Frontier is claiming that its pilots union is trying to back out of a contractual agreement to suspend the airline's matching contributions to their 401(k) plans. The dispute is based on two very different interpretations of the cost-cutting agreements the airline and union reached last year.
Midwest is blaming its pilots union for Midwest's decision to suspend its plan to bring back laid-off flight crews to fly the Embraer E-170 aircraft currently operated by crews from Republic. In a March 10 memo to employees, Midwest Chairman and CEO Timothy Hoeksema said the airline has "suspended the E-170 certification process indefinitely" in the absence of cost-cutting concessions from the pilots union. Airline spokesman Michael Brophy told me last week that management made the decision because "we reached a point where we would have to invest more money and human resources in it, and without a clear signal that concessions were going to be on the horizon, we said we’re just going to pull the plug on this.”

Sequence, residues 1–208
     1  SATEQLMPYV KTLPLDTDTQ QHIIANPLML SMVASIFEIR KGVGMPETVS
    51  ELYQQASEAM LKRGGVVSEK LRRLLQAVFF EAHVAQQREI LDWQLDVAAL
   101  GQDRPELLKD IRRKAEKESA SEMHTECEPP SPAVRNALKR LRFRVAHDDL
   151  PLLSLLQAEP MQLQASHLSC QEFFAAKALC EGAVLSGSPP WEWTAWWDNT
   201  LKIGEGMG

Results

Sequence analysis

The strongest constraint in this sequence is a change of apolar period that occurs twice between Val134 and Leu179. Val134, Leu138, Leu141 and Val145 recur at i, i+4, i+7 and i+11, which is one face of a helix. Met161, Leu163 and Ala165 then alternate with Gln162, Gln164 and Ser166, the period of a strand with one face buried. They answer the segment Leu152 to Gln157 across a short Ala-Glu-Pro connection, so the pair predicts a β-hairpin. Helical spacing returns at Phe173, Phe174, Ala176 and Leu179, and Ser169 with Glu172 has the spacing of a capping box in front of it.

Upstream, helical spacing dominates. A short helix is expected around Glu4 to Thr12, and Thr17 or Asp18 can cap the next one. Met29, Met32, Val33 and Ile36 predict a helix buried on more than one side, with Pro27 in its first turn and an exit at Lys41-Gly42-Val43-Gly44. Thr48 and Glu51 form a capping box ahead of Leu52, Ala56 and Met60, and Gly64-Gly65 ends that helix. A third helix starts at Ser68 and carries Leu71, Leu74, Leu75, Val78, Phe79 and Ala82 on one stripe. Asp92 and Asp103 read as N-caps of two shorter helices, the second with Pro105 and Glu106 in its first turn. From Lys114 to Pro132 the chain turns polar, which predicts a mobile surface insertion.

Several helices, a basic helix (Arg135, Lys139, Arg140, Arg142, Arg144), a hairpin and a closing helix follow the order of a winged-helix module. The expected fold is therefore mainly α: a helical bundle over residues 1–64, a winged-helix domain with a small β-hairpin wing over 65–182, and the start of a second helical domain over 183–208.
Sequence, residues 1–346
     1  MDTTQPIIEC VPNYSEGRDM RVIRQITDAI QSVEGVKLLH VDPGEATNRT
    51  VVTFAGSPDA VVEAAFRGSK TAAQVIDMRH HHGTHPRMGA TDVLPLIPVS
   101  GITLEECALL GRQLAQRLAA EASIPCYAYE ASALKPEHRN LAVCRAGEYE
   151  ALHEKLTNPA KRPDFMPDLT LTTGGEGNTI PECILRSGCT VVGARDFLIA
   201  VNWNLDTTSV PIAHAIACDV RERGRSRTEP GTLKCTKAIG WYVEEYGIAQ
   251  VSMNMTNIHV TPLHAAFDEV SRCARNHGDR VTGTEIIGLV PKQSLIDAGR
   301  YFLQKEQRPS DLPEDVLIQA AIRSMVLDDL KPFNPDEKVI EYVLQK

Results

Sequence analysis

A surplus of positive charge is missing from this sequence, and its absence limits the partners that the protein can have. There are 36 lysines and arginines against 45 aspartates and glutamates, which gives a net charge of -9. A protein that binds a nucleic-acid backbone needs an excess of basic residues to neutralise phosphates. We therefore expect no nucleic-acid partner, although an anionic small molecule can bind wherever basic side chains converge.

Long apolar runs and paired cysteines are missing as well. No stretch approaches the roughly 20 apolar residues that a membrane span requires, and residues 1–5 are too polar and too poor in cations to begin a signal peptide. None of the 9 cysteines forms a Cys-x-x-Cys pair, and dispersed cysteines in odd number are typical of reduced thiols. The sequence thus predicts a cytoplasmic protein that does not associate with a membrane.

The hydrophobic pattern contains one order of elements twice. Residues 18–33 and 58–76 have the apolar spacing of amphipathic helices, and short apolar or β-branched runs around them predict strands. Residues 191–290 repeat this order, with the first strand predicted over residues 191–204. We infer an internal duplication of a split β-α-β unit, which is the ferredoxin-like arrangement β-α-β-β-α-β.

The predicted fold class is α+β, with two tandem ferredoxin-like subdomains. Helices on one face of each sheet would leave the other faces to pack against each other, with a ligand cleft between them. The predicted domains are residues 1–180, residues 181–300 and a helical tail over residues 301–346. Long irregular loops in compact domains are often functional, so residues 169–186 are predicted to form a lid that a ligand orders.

At Spirit, pilots won a round in their ongoing battle with management when an arbitration panel ruled that Spirit must continue to allow pilots as many as five days off--and now fewer than four--between scheduled trips. Those trips can last as long as six days. The Air Line Pilots Assn., of course, hailed the decision. Spirit declined comment. But the bigger point here may be how poisoned the relationship between the airline and its unions seem to be. The flight attendants were not shy about blasting management over in-flight advertising (subscriber-only story) or some of its provocative sales promotions. Last fall Spirits pilots filed a lawsuit (subscriber-only story) against the carrier that accused management of repeatedly violating the collective bargaining agreement by unilaterally changing the terms of the contract. Spirit defended its actions as necessary and legal—and good for employees in the long run.
Meanwhile, at Delta, yet another work group has decided not to unionize. This time it was the meteorologists. That created a sunny disposition at Delta, which said the decision "will allow us to move forward with a transition plan that aligns the pay, benefits and work rules for our combined meteorologist team" at Delta and its Northwest subsidiary.